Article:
Baton Rouge City Court Judge Yvette Mansfield Alexander was sworn in as president of the American Judges Association (AJA) on Monday, October 4, 2021. Originally founded as the National Association of Municipal Judges (NAMJ) in 1959, AJA is the largest independent organization of judges from all jurisdictions and levels of courts throughout the United States and Canada. Judge Alexander was sworn in by retired Louisiana Supreme Court Chief Justice Bernette Joshua Johnson.
“I am grateful to God for the honor to serve as president of this outstanding association,” said Judge Alexander. “It is my passion to affect the administration of justice with excellence and exemplify an unwavering commitment to justice and fundamental fairness; I will serve as president with the same goals in mind. I look forward to the opportunity to work with judges from throughout the nation to fine-tune ever-advancing skills in the perfection of the judiciary.”
Louisiana Supreme Court Chief Justice John L. Weimer stated, “This is a significant honor that rewards Judge Alexander’s dedication to our system of justice and her leadership, which was recognized by votes from judges from around the nation. We are proud of her accomplishment, which reflects positively on the judiciary of our state. Judge Alexander is the sixth judge from Louisiana who has served this national judges’ association, a reflection of how much Louisiana judges are respected for their leadership capabilities. I commend and congratulate Judge Alexander for this wonderful honor that she has earned.”
Judge Alexander’s efforts resulted in judges from around the country planning to visit Louisiana to attend AJA’s conference which included continuing legal education courses offered by the Louisiana Judicial College (LJC), the educational arm of the Supreme Court. Like AJA at the national level, the LJC coordinates educational opportunities for Louisiana judges, by Louisiana judges. Unfortunately, because of challenges encountered due to the pandemic coupled with a hurricane and tropical storm, this year’s conference was held virtually, with assurances that Louisiana will be considered for hosting a future in-person conference.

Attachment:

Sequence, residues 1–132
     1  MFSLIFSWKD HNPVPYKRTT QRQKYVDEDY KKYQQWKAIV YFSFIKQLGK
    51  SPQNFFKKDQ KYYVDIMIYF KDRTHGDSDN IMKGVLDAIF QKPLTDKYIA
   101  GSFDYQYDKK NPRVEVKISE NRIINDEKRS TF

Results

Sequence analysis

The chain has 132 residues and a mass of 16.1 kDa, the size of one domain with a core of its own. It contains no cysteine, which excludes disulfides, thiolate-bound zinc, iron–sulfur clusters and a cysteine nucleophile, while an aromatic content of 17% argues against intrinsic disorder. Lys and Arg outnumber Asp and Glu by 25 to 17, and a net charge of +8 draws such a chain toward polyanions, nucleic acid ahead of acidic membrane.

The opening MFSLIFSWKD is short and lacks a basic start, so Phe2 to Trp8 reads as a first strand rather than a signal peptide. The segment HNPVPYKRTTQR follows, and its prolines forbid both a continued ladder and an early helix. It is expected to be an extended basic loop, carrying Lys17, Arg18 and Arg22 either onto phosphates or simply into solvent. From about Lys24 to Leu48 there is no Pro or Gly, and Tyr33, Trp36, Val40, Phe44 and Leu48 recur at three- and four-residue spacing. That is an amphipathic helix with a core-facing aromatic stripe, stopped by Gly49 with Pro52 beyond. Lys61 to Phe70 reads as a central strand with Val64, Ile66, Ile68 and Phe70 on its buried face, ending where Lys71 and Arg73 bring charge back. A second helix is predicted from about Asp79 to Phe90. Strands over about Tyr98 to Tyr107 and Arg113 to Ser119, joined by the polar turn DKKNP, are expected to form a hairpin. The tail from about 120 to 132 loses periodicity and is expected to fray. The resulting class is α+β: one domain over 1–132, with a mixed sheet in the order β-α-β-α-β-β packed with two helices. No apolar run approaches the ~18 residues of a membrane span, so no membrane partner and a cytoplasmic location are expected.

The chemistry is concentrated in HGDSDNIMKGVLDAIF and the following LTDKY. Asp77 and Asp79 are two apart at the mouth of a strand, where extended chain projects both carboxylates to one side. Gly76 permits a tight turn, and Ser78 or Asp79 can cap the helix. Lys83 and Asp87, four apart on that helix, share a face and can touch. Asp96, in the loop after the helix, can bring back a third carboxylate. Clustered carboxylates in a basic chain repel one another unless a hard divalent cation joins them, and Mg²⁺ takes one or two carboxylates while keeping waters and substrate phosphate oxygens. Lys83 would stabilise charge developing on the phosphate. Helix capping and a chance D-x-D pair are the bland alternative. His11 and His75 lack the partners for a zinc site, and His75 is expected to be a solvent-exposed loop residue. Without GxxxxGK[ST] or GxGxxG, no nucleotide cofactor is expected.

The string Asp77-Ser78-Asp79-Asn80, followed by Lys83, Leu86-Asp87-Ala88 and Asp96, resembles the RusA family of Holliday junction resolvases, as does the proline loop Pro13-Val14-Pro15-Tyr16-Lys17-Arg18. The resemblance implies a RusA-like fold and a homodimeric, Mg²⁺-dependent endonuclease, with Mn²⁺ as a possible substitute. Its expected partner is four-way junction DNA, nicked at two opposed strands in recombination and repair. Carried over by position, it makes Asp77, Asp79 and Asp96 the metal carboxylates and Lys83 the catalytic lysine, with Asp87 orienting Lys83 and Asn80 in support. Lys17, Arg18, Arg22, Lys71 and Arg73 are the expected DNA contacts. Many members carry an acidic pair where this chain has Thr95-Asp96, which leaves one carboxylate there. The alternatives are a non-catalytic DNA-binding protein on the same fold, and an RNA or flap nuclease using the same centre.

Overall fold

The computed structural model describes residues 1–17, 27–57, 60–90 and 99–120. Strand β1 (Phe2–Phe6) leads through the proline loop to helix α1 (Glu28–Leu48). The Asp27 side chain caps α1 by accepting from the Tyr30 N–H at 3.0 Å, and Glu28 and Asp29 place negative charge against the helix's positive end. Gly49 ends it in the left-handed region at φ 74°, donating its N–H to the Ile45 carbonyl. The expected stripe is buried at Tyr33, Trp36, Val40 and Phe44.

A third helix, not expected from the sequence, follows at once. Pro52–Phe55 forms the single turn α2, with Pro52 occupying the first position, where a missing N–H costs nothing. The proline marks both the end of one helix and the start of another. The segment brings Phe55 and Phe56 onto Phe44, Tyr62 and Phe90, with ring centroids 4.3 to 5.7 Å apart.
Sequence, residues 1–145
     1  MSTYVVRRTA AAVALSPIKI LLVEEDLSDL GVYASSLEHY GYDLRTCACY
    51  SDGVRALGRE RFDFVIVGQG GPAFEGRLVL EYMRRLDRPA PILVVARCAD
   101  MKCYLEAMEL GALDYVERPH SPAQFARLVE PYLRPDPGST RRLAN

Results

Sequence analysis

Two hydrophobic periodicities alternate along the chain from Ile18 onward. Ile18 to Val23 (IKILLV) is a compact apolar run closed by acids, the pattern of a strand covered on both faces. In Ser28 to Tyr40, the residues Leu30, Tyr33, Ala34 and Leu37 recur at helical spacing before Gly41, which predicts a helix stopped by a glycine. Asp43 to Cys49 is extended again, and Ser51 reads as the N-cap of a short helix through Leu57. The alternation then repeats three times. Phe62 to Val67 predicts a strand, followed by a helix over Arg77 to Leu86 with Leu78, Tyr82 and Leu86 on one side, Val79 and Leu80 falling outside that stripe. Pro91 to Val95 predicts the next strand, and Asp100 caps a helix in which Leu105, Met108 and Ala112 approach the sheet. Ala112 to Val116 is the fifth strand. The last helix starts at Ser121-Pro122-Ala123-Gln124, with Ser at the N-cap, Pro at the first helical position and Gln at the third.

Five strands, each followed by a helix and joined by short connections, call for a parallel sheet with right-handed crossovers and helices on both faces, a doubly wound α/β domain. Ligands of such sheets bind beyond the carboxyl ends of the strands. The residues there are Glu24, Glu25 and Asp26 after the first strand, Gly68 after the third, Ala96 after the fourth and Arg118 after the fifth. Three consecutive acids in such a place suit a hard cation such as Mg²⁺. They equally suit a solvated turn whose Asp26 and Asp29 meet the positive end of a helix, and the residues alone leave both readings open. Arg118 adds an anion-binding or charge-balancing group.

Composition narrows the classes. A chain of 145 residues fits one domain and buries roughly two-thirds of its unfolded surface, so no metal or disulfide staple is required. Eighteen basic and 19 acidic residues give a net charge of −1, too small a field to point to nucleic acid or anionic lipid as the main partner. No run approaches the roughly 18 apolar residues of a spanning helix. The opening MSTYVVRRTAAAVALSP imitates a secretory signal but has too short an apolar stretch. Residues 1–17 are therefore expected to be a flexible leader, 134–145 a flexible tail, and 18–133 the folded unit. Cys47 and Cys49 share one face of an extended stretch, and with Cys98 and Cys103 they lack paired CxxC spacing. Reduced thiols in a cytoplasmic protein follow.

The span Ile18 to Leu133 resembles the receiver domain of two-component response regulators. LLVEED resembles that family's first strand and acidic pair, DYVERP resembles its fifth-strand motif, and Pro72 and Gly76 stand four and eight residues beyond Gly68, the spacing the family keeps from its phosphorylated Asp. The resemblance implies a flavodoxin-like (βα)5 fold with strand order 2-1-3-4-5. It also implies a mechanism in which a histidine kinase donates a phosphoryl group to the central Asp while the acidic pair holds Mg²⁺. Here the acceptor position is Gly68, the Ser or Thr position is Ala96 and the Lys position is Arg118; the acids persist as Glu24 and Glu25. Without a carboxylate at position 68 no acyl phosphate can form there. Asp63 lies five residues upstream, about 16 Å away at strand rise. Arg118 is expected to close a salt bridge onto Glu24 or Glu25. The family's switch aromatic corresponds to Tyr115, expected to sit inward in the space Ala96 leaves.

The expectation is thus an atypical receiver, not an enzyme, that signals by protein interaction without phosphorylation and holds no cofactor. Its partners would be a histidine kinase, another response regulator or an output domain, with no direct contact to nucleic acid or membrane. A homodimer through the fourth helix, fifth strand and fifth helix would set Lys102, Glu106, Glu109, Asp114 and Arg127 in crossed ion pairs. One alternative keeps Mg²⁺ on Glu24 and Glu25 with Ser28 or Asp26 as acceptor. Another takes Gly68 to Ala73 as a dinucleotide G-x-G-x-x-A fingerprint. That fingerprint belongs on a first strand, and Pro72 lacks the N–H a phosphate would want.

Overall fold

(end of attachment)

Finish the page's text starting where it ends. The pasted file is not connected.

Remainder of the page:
Judge Yvette M. Alexander earned her bachelor’s degree from Grambling State University and her juris doctor from the Louisiana State University Paul M. Hebert Law Center in 1979. She worked as counsel for the Louisiana State Legislature, Louisiana State Senate, East Baton Rouge Parish Public Defender’s Office, and was an assistant attorney general for the Louisiana Attorney General’s Office. From 1988-1995, she served as chief legal counsel for the Secretary of State, and served as an Ex-Officio Member of both the Louisiana State Bond Commission and the Louisiana School Employees Retirement System. Judge Alexander serves as a member of the Louis A. Martinet Society, Louisiana Judicial Council of the National Bar Association, National Association of Women Judges, and the Baton Rouge Association of Women Attorneys. She is the mother of two daughters.
Other Louisiana judges who served as president of AJA include former Shreveport City Court Judge G. Randell Whitmeyer and former Orleans Municipal and Traffic Court Judge Oliver S. Delery, both deceased, Fourth Circuit Court of Appeal Chief Judge James F. McKay, III, retired First Circuit Court of Appeal Judge Toni M. Higginbotham, and Third Circuit Court of Appeal Judge John E. Conery.
The American Judges Association is an organization of judges. AJA is an independent, non-profit organization housed at the National Center for State Courts, and addresses concerns of interest to all judges. According to its website, AJA works to promote and improve the effective administration of justice and maintains the status and independence of the judiciary by acting to assure that courts: always have due process, are fair, are just, and accessible to all. AJA has strong ties with major judicial organizations, a commitment to enhancing diversity, and provides the highest quality of continuing professional development for judges. It provides multiple models for peer mentoring for judicial colleagues and a variety of platforms and strategies for the exchange of new ideas among all judges while encouraging the role of judges as teachers.